D-I Men’s 2024 Breakout Player of the Year

Highlighting players who took a leap toward stardom in the division this spring.

Each year, Ultiworld presents our annual College Awards. Our staff evaluates the individual performances of players from throughout the season, talking to folks around college ultimate, watching film, and look at statistics, voting upon the awards to decide those to be honored. The regular season and the college Series are both considered, with extra emphasis for performances in the competitive and high-stakes environment at Nationals.

The Breakout Player of the Year recognizes rising juniors and seniors who made themselves known in a new light this season. While our nebulous definition of “breakout” reflects an evolving set of criteria, rather than celebrating the improvement of those from whom big things were already expected, we aim to use this award to celebrate the emergence of those who previously have not been on the national radar. Whether it be through growth in ability, role, or both, the Breakout Player of the Year and runners-up honor those who rose to the occasion with improved and high-impact performance on a new level this season — putting them squarely in the spotlight moving forward.

D-I Men’s 2024 Breakout Player Of The Year

Aaron Kaplan (Oregon)

Oregon’s Aaron Kaplan mid-catch for the score at the 2024 D-I College Championships. Photo: Rudy DeSort – UltiPhotos.com

Ego began this year with an Itay Chang-shaped hole in their team. The 2023 All-American and Defensive Player of the Year left empty shoes that any team, let alone one as young as Oregon, would struggle to fill. After some team-wide hiccups at the Santa Barbara and Presidents’ Day Invites, Aaron Kaplan made clear who would be the one to take the mantle as the do-everything two-way foil to Mica Glass’ offensive gravity. With a chance to avenge their only regular season losses on the line at Northwest Challenge, Kaplan found a level of execution and production on both sides of the disc to push Ego over Colorado and Cal Poly SLO in consecutive games, taking a tournament title and proving themselves as real contenders. In those games, and throughout the remainder of the season, Kaplan played with the confidence and polish of a seasoned upperclassman, not a second-year getting his first shot at major O-line touches.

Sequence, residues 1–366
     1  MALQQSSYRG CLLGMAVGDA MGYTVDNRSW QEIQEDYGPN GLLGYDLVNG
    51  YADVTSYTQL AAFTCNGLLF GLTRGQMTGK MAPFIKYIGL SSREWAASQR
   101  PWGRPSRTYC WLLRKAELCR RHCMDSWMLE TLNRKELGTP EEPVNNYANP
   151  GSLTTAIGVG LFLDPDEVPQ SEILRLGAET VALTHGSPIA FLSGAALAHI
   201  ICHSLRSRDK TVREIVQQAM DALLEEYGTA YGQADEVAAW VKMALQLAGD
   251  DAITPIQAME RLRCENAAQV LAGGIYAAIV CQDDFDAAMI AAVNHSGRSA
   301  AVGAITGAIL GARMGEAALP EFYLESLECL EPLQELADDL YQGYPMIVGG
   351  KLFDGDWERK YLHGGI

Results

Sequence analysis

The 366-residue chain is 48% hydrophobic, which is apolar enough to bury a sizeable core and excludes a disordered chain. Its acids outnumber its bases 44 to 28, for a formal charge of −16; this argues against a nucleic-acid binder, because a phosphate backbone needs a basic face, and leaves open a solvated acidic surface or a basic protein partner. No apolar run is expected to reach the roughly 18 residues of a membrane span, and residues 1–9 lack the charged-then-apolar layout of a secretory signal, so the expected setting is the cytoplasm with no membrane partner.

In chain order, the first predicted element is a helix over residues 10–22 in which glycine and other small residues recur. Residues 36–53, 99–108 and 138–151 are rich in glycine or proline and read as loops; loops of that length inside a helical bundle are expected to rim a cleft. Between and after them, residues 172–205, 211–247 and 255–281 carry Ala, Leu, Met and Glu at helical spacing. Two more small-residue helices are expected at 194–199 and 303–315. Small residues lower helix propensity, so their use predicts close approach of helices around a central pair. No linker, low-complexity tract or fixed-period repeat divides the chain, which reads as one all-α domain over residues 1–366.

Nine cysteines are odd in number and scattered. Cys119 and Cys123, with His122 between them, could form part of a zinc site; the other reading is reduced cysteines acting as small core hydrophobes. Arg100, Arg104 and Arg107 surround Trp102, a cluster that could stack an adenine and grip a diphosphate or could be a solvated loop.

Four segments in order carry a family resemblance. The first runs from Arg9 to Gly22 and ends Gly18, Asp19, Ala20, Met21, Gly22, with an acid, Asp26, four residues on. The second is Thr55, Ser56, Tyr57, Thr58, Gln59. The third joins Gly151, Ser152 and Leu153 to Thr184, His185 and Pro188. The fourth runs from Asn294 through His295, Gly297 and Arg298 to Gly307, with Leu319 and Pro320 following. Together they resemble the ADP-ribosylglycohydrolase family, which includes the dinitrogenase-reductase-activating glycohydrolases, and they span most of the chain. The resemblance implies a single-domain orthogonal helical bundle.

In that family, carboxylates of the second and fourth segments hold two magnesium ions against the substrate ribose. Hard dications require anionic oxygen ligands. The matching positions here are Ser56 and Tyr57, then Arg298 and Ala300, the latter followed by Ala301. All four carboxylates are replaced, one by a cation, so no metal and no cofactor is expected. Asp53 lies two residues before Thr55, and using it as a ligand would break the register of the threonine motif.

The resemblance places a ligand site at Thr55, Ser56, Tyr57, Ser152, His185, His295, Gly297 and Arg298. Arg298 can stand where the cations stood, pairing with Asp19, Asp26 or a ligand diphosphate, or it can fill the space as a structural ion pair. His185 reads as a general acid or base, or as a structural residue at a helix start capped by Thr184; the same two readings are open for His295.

Much like Chang before him, Kaplan’s game is a potion of patience, risk taking, and superlative defensive instincts. He seldom makes a bad decision with the disc in his hands, but is far from conservative, making use of an array of fast, precise deep throws to capitalize on Ego’s frequent downfield speed advantages. He also showed out as a real threat to break deep himself, often leaving the backfield of pull plays and in flow to chase down hucks from backfield-mates Mica Glass and Max Massey. Where Kaplan really pops on screen, though, is when he crosses over, or the Oregon offense turns the disc over. The combo of his ability to anticipate cutters and throwers, and the quick-twitch athleticism to capitalize on that anticipation, made him one of the most productive two-way players in the division. Capped off by a heartbreaking – and controversial – one-point quarterfinal loss, this year’s Ego team took a clear step forward from their 2023 showing, and Kaplan’s brilliance down the stretch was critical to that growth.

– Emmet Holton

First Runner-Up

Scotty Whitley (Georgia)

Georgia's Scott Whitley throws a flick during the 2024 D-I men's ultimate frisbee tournament Easterns final. Photo: Brian Whittier